I find, with both domestic and international students that there’s a big emphasis on the influencers in their lives. Parents, Siblings, Aunts, Uncles and Guidance Counselors play a massive part in a students decision making process. That is key in Higher Ed marketing and student recruitment, building those relationships with Guidance Counselors, because they can make or break a student’s impression of a university.

How would you go about forming that relationship with a key stakeholder such as a Guidance Counselor?

By reaching out to the schools and building those connections. It’s something that as an entire organization, you have to do. It’s not just the recruitment team or the marketing managers in individual areas. It’s a whole university approach and opening that door with the Guidance Counselor by inviting them to events, letting them know if there’s changes in courses, going into the schools to give presentations and actually building a relationship. Just as you would with a client in an agency or in an organization you’re running a campaign for.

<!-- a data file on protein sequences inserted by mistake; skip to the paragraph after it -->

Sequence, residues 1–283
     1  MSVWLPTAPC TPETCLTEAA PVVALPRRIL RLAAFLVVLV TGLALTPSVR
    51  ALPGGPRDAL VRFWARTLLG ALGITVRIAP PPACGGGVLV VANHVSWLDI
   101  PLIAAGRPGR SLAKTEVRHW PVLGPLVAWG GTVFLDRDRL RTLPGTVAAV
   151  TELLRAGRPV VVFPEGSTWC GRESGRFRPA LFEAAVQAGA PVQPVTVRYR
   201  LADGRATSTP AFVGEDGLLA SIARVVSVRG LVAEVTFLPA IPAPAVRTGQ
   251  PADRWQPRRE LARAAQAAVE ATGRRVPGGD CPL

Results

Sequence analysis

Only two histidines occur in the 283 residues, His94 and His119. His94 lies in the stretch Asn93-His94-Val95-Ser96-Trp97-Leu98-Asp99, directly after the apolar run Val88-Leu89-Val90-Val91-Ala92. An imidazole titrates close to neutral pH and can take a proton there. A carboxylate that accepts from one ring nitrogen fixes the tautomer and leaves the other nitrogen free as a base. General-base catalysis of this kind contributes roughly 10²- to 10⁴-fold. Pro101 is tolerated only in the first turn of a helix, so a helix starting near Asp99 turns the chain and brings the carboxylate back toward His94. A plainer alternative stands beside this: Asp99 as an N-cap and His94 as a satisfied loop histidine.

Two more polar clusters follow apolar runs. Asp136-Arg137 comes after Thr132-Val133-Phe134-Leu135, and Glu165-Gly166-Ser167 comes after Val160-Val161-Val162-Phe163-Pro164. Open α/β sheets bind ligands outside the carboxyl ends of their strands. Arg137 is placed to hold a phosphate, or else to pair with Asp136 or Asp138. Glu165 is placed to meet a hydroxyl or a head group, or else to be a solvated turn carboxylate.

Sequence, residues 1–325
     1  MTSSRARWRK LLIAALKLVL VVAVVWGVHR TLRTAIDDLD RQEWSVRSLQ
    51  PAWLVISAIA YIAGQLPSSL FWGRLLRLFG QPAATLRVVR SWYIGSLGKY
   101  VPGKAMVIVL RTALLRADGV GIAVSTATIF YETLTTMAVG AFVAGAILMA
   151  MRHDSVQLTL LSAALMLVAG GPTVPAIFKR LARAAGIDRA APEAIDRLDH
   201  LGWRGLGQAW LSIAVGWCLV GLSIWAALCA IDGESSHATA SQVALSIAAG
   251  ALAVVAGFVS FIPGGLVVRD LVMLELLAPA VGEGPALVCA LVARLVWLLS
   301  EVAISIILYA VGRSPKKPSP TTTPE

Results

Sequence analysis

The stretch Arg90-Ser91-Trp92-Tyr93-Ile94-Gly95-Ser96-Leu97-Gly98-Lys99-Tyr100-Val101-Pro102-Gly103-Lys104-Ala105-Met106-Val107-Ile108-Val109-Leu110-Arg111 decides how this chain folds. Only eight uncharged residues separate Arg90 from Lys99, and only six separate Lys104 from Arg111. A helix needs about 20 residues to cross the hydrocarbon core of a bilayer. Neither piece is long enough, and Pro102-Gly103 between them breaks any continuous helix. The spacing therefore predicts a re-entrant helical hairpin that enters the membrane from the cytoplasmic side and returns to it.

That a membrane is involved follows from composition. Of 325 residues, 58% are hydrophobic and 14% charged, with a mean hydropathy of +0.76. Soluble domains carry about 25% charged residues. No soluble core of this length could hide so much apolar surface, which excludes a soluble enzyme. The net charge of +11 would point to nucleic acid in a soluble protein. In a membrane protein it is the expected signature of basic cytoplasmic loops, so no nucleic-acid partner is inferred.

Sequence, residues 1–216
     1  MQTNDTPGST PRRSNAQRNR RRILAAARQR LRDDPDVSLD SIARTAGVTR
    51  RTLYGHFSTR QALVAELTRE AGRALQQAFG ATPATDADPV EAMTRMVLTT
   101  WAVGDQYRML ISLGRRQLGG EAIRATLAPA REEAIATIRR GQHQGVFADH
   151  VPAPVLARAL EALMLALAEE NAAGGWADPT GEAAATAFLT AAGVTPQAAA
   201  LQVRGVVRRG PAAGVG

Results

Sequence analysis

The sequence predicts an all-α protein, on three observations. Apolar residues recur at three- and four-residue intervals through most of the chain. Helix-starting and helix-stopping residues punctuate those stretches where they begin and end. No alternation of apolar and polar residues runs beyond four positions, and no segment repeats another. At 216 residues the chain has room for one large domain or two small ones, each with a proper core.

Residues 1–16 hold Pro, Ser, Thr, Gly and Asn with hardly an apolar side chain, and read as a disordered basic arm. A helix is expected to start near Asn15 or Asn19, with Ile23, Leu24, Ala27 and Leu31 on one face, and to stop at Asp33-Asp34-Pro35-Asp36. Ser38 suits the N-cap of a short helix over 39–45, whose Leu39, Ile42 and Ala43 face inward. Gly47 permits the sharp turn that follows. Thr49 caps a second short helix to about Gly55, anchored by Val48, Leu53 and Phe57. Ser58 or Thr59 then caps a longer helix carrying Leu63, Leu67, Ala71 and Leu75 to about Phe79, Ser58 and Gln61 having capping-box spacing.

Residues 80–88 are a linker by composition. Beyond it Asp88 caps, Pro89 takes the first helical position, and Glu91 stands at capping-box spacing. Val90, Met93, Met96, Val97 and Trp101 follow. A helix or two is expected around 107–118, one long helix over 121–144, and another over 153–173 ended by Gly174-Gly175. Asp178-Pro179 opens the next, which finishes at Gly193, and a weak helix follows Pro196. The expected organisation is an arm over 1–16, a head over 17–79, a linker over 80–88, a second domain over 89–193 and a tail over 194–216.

A big thing, particularly for large universities, is trying to break down any perceived barriers so that you’re not just this big beast of an organization, but there are people that they know they can go to with queries. Both students and their influencers want to learn about the genuine experience a student will have in your college or university.

How do you think Higher Ed marketing has pivoted to cope with the Covid-19 pandemic?

With Covid-19 we’ve had to throw everything out the window and start from scratch. You make up your content plans, you know exactly what you’re going to be doing each week then the minute March arrived it all changed and everything went out the window.

There is a lot of work going on in Higher Ed right now on how you can deliver the college experience virtually. A project I’m looking at translating into a new virtual experience is campus tours which up to March involved prospective students coming on campus and getting a feel for the university environment.

It’s exciting, in a way, because it opens up our activities to a lot more people. Running an event virtually means people can stay at home in comfort, knowing they’re safe and a student who is based in Donegal, for example, does not have to travel the whole way to Dublin.

I imagine, even when Covid-19 restrictions have been eased, there will continue to be a lot more blended approaches to events and student recruitment. You might have your physical events, but there will still be a big digital presence as well. The key part of virtual events, particularly for Higher Ed, will be providing that opportunity to interact with the lecturers or with the current students and have your questions answered.

Where do you find inspiration in Higher Ed marketing?